In October 2015, ABC News published a story about the flu shot for pigs.
The article revealed that the vaccine was only available in limited quantities in Australia.
“Australia has an unusually large number of pigs for a number of reasons,” the story said.
“They are very good at hiding.
They are very fast.
And they can be bred to produce a very high quality vaccine.”
The story also noted that some farmers in Queensland had raised pigs in a quarantine system.
“So, you’re going to have pigs that are going to be raised in quarantine conditions in the pig pens, they’re going, ‘Oh, my God, it’s going to kill me’,” the story quoted Dr David Bowers from the University of Queensland.
“There’s no way you can give the same shot to pigs that have not had the flu in quarantine.”
But that wasn’t the only problem.
There was also the matter of piglets being bred to be vaccinated with the vaccine.
“What happens is, they get a different strain of the influenza virus, so they’re very susceptible to the infection,” Dr Bowers told ABC News.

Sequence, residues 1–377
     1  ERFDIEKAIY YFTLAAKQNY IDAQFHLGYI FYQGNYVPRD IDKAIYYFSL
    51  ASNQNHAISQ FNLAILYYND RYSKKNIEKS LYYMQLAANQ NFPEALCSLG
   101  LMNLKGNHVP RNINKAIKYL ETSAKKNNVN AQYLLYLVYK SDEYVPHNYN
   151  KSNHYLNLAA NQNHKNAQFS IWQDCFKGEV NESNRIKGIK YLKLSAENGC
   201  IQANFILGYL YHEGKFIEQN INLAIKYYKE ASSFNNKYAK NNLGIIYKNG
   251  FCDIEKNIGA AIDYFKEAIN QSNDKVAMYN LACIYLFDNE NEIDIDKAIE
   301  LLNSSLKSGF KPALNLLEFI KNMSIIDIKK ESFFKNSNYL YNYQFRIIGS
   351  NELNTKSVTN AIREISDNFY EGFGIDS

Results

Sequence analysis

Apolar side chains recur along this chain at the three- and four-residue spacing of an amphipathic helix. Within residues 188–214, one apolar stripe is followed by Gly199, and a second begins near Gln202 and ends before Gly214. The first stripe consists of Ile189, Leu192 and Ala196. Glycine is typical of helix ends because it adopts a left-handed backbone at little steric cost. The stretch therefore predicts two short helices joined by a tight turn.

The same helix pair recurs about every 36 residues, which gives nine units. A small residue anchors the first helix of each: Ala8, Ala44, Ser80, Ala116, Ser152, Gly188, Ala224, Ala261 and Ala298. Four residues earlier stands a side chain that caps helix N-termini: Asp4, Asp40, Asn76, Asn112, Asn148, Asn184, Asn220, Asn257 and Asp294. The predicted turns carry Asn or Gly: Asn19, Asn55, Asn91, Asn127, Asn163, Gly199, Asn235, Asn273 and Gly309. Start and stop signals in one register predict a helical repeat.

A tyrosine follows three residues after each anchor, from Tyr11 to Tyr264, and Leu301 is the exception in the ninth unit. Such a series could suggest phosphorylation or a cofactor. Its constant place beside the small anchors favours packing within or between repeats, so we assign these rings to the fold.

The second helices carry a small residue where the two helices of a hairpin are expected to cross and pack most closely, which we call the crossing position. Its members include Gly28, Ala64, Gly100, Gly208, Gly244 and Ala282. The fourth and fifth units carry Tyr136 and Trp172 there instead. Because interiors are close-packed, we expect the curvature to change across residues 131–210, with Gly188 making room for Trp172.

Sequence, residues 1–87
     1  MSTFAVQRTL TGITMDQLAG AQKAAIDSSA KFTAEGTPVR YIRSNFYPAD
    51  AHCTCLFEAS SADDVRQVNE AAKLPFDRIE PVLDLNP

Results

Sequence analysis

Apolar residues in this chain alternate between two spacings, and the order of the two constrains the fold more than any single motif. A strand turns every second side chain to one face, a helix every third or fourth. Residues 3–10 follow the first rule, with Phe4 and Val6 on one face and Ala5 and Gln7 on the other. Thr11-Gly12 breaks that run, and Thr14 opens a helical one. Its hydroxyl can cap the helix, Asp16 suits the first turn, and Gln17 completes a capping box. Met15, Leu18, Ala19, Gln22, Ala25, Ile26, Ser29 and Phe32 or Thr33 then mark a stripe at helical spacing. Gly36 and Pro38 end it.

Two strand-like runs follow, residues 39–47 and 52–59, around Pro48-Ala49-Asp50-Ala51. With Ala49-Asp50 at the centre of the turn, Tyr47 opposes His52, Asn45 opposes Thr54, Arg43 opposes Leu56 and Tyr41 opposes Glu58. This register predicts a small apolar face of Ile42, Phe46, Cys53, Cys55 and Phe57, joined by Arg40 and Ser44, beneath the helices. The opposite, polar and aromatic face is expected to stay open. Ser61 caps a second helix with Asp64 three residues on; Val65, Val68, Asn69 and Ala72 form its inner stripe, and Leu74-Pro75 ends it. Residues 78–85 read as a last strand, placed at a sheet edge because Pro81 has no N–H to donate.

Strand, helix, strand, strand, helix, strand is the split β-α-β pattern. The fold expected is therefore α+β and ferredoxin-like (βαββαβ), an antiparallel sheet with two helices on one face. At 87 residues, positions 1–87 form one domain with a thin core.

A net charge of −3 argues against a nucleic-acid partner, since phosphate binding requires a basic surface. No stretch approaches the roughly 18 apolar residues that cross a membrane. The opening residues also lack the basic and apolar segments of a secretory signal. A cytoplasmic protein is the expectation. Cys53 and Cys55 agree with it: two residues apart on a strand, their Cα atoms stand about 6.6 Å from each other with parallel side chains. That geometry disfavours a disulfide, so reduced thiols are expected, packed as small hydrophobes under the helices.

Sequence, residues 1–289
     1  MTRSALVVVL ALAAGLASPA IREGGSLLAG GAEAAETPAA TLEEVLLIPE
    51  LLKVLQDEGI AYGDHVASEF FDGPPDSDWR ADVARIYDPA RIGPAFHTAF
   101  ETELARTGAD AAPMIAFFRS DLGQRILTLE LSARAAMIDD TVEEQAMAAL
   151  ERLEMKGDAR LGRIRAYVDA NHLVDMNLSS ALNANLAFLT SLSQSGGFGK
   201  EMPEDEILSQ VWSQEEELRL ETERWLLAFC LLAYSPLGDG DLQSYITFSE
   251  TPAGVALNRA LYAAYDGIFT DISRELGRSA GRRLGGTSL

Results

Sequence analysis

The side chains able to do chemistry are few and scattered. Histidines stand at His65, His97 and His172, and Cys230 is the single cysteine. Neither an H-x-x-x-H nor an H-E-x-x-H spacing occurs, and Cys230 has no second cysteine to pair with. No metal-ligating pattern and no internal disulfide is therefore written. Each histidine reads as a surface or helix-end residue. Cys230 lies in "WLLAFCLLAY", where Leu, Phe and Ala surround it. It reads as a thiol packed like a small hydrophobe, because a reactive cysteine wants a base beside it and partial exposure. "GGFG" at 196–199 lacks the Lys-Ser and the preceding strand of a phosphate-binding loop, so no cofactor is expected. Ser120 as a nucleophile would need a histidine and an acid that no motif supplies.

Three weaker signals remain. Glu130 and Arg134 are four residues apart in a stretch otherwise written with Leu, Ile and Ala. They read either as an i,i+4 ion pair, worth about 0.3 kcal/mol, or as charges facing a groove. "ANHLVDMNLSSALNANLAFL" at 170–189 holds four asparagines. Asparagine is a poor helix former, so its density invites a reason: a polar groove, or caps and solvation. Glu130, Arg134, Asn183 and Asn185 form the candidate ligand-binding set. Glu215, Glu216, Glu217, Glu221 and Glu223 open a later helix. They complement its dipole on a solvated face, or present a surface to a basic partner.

“And if they are exposed to the virus, they will develop an immune response and develop an infection.”
When it came to the flu vaccine, the ABC’s reporter at the time, Paul Fenton, had a different view.
“The problem with this is that the pigs have a different immune system,” he said.
A number of studies had shown that piglets had a higher risk of developing the influenza vaccine-resistance.
But the Queensland Government did not want to be in the market with the first-ever vaccine to be produced in Australia for pigs, which was produced by Merck.
Dr Bower and other researchers had to wait several years for a final version of the flu vaccination for pigs to be tested in pigs.
“It took six years for the vaccine to get through to the pigs, and we didn’t get it until we were able to make it commercially available,” Dr Fenton said.
The Queensland Government is working on a second version of its flu vaccine to try to help people who have recently recovered from flu.
Dr Fennon says the second version will be more sensitive to pig immunity.
“We are developing a better vaccine for the pigs,” he told ABC’s Insiders program.
“A better vaccine has got to be better, we’ve got to find a way of making sure it works for the different pig species and the different strains of the vaccine.”
But, he added, “we don’t want people to be left behind”.